Wednesday, August 11, 2004

Buddhist common sense

At work, I've been practicing a bit of brush art and doing the occasional Dalma-do (brush painting of Dalma Daesa, a.k.a. Bodhidharma). One Buddhist proverb quoted by Korean Seon (Zen) Master Seung Sahn is dong eop dong haeng, or "same karma, same action."

[NB: Pronounce "eop" somewhere between "up" and "awp." Pronounce "dong" with a long "O," and "haeng" to rhyme with the "eng" in "length."]

The character for karma, "eop," is actually a pretty decent rendering of the Sanskrit because the semantic field of "eop" includes "doing," "action," etc. "Eop" appears in Sino-Korean words like "jik-eop" (job) and "sa-eop" (enterprise).

The word "haeng" implies motion (as in "yeo-haeng," travel). It can also mean something like action or doing (as in "su-haeng," or practice).

I mention this because, as you can see from the overlapping semantic fields, it's possible to translate dong eop dong haeng as the ridiculously tautological formulation, "same action, same action." If you're all doing the same thing, you're, well, doing the same thing.

I love this. I think the proverb, as originally formulated, was probably intended to be just that commonsensical. I like to think that the best Buddhist truths aren't particularly Buddhist at all, but simply conclusions based on observation of and openness to the surrounding world and the workings of one's own mind. If you gather a bunch of English teachers together, you'll notice they all have, more or less, English teaching skills. Gather a bunch of Jason Bournes together, and you've got a group of people who can all kill without thinking. Same action, same action.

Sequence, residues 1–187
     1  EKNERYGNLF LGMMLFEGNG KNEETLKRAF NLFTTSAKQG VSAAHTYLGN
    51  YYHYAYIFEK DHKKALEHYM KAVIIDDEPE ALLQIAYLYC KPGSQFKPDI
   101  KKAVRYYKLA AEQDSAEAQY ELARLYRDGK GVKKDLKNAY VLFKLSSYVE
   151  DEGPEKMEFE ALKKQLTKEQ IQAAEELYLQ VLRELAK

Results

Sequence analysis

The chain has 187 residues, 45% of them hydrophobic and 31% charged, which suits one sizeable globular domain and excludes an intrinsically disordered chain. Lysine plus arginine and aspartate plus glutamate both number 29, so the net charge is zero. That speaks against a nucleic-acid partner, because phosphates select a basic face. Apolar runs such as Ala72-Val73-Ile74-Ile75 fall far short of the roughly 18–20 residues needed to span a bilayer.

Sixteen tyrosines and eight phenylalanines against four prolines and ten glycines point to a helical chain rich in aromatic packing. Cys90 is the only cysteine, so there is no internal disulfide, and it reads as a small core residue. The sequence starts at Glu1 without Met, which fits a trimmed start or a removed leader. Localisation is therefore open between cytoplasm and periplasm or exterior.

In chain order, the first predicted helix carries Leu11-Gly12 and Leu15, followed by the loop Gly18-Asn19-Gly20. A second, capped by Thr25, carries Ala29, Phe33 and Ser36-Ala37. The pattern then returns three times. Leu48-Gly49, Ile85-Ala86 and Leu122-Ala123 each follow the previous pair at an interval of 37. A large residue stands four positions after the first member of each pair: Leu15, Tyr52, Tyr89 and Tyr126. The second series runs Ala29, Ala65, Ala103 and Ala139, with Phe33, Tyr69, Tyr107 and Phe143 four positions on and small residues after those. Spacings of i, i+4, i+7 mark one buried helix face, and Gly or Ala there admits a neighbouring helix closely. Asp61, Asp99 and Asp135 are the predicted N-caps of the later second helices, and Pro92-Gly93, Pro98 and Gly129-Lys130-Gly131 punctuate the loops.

To me, religions are at their best when they stick to common sense. I don't have much patience for mystical cosmologies and pseudoscience. If there's One Guideline to Rule Them All, it's the question of how simple, clear, and ordinary religious truths can be. Find the ordinary in the Hindu realization that you are no more and no less than the All. Find it in the Taoist notion that the Tao is the spirit of the valley. Find it in the simplicity of the Shemah: "Hear, O Israel, the Lord our God, the Lord is One!" Find it in the Koranic proclamation that God is closer to you than your own neck vein. Find it in the claim that "Zen is just-this." Find it in the Jesus narrative, where a great man is portrayed as being of humble birth and dying an ignoble death, all the while motivated by something so simple and obvious as love.

It's because ultimate reality is so simple, obvious, and ordinary that we constantly miss it. If you'll pardon a quick trip into the holiest of canons, that of the original Star Wars trilogy, you'll see that Yoda rebukes Luke Skywalker: "All his life has he looked away, to the future, to the horizon! Never his mind on where-- he-- was! Hm!? What-- he-- was doing!"

"What are you doing now?" is a standard Zen question. In the context in which the question is normally asked, you're not exactly supposed to ponder it.

Can it really be this easy?



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